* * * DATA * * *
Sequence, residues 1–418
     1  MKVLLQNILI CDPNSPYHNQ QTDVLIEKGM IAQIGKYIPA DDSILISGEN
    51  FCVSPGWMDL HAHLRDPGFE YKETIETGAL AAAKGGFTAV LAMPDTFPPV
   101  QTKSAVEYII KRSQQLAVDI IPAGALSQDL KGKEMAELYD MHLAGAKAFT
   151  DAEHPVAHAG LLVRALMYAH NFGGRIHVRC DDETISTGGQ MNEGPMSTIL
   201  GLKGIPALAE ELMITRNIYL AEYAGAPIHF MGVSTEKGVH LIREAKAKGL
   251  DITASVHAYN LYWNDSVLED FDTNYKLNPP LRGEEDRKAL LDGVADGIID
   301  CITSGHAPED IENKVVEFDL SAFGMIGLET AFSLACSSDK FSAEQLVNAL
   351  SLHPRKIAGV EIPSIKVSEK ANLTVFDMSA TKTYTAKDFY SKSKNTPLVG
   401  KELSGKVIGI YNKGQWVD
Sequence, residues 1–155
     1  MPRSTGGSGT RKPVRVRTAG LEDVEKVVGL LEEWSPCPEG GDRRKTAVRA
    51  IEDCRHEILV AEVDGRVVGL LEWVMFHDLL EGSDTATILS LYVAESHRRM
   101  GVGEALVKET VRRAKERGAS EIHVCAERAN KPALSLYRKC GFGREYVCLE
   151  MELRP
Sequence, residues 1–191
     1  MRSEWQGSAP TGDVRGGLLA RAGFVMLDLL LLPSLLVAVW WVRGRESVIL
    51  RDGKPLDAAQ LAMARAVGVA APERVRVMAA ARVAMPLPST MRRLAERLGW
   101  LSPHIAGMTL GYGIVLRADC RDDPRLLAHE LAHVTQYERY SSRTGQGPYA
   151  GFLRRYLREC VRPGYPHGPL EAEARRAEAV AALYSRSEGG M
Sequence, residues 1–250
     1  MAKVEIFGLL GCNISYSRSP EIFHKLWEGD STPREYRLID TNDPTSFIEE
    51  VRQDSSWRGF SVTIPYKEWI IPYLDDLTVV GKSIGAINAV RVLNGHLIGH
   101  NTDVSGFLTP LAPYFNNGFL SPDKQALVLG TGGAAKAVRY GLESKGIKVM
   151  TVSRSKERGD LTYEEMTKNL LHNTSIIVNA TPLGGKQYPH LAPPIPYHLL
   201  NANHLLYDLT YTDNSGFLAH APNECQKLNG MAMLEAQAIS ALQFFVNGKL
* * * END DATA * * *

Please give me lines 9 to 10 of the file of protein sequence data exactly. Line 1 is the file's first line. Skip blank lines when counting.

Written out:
   351  SLHPRKIAGV EIPSIKVSEK ANLTVFDMSA TKTYTAKDFY SKSKNTPLVG
   401  KELSGKVIGI YNKGQWVD